Measles Update, Measles Outbreak Auckland News

By: Eastmed  05-Apr-2012

Outbreak Status

The Auckland Regional Public Health Service(ARPHS) has now confirmed 39 cases of measles in what is the largest outbreak in Auckland this year.

Four cases have required hospitalisation. ARPHS is continuing to take appropriate steps to trace people who have been exposed and treating them.

ARPHS is also encouraging children aged between 15-months and 3 years of age who have had one MMR over a month ago to have their second MMR early ( this will then not need to be repeated at 4 years of age).

Measles - what to look for?

  • Measles is a viral infection and is highly infectious. It is spread by coughing and sneezing or by direct contact with secretions.
  • Signs of infection include:
    • Prodrome: Fever (usually the first sign, lasts 4‐7 days), malaise, anorexia, cough,
  • coryza, conjunctivitis
    • Exanthem: Koplik spots are pathognomonic for measles. These are small white spots inside the cheeks and present near the end of the prodrome, usually prior to the eruption of rash. Their absence does not exclude diagnosis
    • Exanthem: The measles rash is an erythematous maculopapular rash (usually 14 days post initial exposure, 3‐5 days post onset of prodrome). It begins on the face and upper neck and spreads to the trunk and extremities.
  • Complications:
    • Includes otitis media, diarrhoea, pneumonia and in severe cases, encephalitis.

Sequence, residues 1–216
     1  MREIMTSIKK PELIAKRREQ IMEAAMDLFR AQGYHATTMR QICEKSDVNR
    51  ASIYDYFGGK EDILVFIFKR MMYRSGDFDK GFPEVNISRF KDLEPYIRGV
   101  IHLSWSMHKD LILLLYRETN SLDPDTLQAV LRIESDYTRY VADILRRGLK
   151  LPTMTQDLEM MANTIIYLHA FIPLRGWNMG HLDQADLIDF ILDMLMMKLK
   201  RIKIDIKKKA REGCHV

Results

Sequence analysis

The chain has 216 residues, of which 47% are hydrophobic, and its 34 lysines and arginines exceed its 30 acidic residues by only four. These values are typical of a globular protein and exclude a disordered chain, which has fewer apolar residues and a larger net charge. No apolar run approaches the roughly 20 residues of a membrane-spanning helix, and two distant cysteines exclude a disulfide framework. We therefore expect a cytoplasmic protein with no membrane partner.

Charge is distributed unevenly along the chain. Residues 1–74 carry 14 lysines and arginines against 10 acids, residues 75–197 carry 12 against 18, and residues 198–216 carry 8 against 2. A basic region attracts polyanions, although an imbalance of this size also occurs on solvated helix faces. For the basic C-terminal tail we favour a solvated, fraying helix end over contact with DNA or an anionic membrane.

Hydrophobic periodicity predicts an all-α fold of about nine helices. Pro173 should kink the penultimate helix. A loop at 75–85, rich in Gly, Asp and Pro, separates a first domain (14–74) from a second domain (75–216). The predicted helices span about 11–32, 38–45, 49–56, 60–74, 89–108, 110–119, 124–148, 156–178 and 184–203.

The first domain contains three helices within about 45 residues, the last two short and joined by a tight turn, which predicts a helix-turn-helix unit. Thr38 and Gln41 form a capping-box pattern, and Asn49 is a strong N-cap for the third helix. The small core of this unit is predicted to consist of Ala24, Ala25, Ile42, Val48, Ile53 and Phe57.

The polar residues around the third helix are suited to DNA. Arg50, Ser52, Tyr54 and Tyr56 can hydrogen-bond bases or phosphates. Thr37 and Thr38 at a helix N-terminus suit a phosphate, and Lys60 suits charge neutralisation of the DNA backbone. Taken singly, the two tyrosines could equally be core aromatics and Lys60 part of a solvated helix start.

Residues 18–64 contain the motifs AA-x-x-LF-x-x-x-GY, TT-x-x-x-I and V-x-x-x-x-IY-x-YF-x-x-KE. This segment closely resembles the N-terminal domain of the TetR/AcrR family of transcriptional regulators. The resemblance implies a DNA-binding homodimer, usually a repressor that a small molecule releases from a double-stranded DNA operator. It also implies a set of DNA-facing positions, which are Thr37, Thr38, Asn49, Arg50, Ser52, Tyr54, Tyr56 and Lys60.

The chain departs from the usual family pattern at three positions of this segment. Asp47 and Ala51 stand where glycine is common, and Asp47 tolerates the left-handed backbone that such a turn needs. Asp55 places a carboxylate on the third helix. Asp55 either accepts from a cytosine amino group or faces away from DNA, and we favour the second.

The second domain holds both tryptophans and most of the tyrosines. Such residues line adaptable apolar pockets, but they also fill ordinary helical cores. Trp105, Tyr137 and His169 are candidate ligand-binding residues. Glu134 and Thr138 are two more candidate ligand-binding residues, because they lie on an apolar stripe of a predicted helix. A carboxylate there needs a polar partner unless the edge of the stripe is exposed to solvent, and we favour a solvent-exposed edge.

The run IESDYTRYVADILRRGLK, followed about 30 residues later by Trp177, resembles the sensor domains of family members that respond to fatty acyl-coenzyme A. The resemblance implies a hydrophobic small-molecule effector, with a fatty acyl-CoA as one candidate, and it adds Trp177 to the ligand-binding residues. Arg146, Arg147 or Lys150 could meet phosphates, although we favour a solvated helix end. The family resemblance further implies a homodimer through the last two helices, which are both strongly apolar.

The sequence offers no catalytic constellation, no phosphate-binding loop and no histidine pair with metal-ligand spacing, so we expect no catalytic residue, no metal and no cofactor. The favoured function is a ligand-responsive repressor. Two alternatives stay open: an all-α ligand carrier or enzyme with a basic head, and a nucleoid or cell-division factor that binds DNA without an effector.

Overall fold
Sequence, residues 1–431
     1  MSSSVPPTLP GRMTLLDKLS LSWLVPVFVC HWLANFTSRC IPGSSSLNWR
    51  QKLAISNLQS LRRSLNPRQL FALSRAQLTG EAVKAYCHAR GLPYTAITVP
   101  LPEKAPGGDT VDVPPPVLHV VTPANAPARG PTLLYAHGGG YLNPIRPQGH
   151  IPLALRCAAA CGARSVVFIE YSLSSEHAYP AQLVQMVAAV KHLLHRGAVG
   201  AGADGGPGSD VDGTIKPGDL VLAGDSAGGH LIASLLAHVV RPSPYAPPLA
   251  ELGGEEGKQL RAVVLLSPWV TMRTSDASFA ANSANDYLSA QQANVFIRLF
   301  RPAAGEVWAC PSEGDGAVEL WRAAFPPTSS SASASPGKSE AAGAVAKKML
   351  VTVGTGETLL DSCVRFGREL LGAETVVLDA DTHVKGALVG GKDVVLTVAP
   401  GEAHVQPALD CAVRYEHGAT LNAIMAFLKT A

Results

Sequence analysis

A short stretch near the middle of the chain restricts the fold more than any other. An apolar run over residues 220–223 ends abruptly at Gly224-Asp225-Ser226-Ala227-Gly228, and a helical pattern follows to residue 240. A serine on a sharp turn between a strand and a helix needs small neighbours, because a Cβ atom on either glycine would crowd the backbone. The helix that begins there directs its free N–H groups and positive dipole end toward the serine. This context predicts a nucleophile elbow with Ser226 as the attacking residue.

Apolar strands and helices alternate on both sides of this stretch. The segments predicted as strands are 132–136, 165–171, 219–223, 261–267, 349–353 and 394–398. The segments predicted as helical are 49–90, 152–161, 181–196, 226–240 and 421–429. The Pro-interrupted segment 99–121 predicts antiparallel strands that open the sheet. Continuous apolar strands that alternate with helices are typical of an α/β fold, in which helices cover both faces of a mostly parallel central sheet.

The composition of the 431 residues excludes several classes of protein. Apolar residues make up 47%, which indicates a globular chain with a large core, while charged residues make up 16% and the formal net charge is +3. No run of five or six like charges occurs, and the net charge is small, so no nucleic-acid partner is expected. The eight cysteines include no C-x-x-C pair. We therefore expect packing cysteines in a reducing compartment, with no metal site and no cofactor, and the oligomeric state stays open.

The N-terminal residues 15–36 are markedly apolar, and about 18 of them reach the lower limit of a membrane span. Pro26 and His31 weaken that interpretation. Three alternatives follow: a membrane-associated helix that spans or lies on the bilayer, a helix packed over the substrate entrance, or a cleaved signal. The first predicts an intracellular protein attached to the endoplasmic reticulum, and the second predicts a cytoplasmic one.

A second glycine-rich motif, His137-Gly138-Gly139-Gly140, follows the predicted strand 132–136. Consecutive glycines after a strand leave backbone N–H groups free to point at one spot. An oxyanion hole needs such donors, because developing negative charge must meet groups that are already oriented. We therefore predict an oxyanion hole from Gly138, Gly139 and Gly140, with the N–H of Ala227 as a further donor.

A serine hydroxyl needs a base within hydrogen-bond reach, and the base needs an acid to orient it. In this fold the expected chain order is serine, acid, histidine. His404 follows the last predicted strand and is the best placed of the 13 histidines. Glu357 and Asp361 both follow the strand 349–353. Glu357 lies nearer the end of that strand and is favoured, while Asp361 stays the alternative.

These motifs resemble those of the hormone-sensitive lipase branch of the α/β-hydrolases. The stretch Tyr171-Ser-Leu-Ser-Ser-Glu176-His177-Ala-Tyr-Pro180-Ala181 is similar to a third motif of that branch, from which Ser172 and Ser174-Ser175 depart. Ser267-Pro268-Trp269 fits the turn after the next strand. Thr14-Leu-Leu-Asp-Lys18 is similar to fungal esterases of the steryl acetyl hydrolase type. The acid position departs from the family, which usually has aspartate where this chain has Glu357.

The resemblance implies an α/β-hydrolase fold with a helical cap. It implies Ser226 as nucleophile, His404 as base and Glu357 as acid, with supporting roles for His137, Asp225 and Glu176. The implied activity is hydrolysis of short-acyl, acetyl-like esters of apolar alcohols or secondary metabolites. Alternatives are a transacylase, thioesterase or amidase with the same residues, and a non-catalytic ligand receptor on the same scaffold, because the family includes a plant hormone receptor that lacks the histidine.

• Incubation period:
    • From exposure to onset of symptoms ranges from 8‐12 days.
  • Infectivity:
    • Cases are contagious from 5 days before the onset of rash to 4 days after (a total of 10 days).

Immunisation Update

  • Measles can be prevented by the combination MMR (measles, mumps, and rubella) vaccine.
  • The only effective mechanism of preventing measles infection is achieving high levels of immunisation in the population. Because the virus is highly contagious, a 5 percent susceptible population is enough to sustain sporadic outbreaks in otherwise highly vaccinated populations. A single dose of the MMR vaccine (in children older than 12 months) can induce immunity in 90 percent of recipients. A second dose of MMR vaccine increases protection rates by 5‐7 percent.
  • Primary care practices need to achieve high levels of MMR coverage within their enrolled populations and timeliness is important for children.
  • While measles infection confers life‐long immunity, ARPHS recommends all measles cases to be offered an MMR vaccine to ensure they are subsequently protected from mumps and rubella.

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